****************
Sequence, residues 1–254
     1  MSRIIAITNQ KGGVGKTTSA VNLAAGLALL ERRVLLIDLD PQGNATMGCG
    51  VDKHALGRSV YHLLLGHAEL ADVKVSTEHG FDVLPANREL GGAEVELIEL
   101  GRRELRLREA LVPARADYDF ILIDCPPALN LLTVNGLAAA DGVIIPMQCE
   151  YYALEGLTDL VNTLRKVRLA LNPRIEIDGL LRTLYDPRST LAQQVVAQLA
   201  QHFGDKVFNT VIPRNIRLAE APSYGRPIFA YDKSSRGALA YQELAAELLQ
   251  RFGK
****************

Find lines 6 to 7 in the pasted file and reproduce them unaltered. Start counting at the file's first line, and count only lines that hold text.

   201  QHFGDKVFNT VIPRNIRLAE APSYGRPIFA YDKSSRGALA YQELAAELLQ
   251  RFGK